"We have registered none serious adverse effects on the volunteers during the tests. If everything goes as planned, the projects would finish the second part of their tests in July," the NHC deputy director Zeng Yixin said.
China has five possible vaccines against COVID-19, one of which relies on a viral vector (an adenovirus) to transport parts of the coronavirus and the other four on an inactivated version of the infectious agent causing the pandemic of COVID-19.
According to international medical protocols, in the first phase of the development of a vaccine, the possible medicine is applied to groups of between 20 and 100 healthy people. By doing so, the researchers seek to identify side effects and determine the appropriate dosage.
In the second phase, scientists expand the number of subjects taking part in the tests and administer the potential vaccine to people who respond to the profile of the potential user to assess its efficacy and safety.
In the third phase, thousands of people are involved in the tests and, if everything goes well, health authorities could approve the vaccine, although sometimes a phase four with more in-depth studies is usually carried out.
Typically, the period for a vaccine to be available for use at a mass level is at least 12 to 18 months, according to the World Health Organization (WHO).
Due to the global health emergency, however, China innovated its protocols and allowed first and second phase studies to be conducted at the same time on some potential vaccines.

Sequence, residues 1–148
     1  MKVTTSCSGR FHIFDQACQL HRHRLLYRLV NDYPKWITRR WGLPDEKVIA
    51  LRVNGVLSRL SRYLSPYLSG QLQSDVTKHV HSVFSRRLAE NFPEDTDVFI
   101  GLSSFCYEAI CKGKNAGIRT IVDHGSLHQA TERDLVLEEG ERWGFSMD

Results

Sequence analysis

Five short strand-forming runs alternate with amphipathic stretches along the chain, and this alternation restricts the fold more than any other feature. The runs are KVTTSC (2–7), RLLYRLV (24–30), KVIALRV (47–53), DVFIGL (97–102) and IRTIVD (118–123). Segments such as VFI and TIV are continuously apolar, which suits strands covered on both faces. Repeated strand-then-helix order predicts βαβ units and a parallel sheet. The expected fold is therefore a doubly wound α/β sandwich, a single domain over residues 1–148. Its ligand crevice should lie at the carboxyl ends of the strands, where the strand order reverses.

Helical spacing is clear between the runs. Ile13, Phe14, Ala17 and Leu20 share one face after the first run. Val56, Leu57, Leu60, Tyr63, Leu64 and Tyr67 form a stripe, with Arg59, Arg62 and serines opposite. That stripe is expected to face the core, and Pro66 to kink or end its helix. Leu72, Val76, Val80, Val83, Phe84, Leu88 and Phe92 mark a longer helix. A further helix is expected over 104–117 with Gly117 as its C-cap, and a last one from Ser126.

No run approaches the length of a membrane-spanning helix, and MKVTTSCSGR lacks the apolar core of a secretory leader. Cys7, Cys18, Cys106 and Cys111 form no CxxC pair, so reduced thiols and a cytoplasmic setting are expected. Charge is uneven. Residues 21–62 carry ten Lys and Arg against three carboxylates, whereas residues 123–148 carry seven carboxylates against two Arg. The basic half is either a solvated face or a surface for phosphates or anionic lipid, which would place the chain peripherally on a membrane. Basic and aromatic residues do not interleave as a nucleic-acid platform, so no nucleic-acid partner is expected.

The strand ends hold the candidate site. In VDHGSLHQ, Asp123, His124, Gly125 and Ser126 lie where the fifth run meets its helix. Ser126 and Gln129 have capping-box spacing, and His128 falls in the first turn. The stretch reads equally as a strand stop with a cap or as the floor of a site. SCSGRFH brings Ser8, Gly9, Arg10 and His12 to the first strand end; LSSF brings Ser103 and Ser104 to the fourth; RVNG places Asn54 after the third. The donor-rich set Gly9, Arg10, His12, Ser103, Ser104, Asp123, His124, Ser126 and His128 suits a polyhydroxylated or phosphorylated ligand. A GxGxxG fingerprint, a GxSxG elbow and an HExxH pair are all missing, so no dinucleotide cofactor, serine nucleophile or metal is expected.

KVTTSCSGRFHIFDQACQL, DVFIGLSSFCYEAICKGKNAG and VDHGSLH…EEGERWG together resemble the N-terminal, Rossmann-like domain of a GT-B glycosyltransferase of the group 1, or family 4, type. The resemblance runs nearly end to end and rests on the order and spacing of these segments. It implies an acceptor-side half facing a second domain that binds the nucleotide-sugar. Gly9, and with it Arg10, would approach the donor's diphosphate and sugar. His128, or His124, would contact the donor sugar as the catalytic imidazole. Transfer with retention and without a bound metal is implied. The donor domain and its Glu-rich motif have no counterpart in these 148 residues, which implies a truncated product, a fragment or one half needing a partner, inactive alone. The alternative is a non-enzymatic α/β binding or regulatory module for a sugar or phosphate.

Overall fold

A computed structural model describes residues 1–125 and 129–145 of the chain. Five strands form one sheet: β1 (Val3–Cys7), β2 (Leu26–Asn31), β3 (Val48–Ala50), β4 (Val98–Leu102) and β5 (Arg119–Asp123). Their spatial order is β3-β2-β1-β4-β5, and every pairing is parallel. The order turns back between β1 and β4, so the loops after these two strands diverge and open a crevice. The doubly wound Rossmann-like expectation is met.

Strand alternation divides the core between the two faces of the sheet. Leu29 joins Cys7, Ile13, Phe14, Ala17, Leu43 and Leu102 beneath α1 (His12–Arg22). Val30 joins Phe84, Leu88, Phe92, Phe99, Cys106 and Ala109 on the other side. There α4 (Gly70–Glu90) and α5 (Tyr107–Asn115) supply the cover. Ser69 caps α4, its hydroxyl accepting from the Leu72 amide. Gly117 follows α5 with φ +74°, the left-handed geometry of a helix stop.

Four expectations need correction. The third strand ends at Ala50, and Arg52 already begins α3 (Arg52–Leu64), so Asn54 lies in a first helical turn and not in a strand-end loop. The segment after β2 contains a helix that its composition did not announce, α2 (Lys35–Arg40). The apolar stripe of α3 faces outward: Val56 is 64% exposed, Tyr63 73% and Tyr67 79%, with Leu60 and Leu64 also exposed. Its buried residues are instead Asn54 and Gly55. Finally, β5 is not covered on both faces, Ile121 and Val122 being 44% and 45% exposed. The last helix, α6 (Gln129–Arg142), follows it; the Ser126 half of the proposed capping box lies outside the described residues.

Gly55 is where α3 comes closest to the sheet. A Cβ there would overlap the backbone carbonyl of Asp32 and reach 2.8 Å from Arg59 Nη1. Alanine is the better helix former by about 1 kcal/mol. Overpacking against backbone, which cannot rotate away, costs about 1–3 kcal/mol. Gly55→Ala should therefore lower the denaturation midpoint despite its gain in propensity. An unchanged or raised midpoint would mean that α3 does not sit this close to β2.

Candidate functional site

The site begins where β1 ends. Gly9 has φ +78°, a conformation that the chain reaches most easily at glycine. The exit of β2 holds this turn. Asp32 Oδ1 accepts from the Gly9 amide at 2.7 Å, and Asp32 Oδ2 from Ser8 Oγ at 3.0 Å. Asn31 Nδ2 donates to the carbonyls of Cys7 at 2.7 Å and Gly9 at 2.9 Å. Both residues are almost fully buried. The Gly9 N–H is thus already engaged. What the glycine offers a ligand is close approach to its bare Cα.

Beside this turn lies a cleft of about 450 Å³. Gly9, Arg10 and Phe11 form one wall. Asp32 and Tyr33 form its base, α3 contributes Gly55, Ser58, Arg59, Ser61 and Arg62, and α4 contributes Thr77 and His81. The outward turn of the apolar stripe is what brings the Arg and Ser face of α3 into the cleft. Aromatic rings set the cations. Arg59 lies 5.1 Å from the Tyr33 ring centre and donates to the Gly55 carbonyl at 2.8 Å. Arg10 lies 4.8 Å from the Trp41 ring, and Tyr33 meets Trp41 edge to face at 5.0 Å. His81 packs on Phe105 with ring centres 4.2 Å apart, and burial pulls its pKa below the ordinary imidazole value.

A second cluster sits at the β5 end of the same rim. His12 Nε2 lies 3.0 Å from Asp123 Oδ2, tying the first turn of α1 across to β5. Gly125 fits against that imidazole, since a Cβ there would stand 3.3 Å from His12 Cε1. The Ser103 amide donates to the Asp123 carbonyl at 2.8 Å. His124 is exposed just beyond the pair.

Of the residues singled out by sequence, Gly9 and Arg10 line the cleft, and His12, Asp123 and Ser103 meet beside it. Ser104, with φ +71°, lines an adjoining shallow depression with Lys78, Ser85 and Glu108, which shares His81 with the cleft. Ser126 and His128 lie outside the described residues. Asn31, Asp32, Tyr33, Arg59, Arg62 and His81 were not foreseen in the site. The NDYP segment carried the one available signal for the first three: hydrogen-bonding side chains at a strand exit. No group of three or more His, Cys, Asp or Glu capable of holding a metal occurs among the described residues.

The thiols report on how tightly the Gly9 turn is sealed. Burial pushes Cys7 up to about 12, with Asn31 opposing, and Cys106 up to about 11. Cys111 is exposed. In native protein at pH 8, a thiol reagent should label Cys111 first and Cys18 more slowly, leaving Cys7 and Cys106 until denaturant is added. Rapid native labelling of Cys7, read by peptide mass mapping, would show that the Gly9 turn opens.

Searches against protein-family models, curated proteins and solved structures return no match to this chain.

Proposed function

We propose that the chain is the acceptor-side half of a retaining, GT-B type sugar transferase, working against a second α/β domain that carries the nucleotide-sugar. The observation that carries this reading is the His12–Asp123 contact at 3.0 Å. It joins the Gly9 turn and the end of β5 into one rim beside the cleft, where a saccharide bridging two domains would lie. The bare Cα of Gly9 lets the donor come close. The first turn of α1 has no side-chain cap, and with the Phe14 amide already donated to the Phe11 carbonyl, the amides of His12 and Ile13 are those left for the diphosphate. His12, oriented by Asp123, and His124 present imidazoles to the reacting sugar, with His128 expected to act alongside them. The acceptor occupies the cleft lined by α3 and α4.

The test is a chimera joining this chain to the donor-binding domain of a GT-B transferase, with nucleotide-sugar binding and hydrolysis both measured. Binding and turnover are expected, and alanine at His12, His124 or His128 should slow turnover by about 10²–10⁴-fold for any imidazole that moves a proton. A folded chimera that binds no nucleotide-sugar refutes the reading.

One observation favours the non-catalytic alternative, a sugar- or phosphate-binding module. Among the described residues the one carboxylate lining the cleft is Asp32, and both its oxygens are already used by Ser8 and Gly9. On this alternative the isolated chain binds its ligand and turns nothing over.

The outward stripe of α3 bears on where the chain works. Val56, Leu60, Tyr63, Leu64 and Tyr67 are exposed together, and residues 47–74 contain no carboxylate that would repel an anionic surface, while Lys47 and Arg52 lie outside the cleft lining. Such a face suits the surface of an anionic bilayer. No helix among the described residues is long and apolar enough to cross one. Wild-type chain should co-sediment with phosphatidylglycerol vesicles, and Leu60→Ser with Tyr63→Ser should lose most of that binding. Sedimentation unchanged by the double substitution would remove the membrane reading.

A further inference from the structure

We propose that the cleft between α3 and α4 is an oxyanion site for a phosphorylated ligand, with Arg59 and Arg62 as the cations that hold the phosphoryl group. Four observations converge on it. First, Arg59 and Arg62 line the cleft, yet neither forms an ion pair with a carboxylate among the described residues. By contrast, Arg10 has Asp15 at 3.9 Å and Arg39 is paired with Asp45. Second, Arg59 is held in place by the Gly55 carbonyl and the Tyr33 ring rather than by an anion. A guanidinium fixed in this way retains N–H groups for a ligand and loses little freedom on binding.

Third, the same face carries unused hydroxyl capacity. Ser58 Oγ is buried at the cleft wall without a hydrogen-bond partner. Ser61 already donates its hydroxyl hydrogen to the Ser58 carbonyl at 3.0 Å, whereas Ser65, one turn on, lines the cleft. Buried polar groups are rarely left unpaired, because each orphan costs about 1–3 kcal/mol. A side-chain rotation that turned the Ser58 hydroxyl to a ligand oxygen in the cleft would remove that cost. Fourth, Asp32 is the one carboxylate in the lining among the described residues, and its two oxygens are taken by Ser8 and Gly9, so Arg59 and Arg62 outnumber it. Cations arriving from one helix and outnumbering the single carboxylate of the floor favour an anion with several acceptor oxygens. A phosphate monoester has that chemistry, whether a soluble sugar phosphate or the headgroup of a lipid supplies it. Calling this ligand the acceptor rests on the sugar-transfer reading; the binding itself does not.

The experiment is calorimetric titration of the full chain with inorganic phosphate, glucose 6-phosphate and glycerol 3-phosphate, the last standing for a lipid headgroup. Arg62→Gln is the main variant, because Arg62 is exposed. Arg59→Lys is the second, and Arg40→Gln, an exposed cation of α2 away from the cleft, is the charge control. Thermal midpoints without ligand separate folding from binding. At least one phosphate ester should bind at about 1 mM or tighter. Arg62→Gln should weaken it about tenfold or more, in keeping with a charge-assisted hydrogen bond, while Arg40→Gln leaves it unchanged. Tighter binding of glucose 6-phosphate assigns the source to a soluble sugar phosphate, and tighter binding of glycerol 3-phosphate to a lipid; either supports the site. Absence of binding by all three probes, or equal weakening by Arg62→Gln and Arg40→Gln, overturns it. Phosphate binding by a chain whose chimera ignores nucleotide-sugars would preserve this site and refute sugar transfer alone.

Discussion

So far, 2,575 volunteers have taken part in these studies, of whom 539 took part in the first phase and 2,036 in the second one.
"We have preliminary data from the first-phase tests on the safety of vaccines and their ability to create protective antibodies against the coronavirus," Zeng said.
In late April, the Center for Disease Control and Prevention Director Gao Fu indicated that the vaccines under development could be fully ready in early 2021.
However, he also revealed that China could have a vaccine in September to be used in health workers in the event of a new large-scale outbreak.
The development of a COVID-19 vaccine has become a race against time in which international public health is not the only issue at stake.
Earlier this week, President Donald Trump's administration accused Chinese hackers of having carried out cyber-attacks against U.S. research centers to steal information about the vaccines and treatments that are being tested.
In reply to these accusations, Beijing assured that Washington only seeks to divert attention from the incidence of the virus in the United States.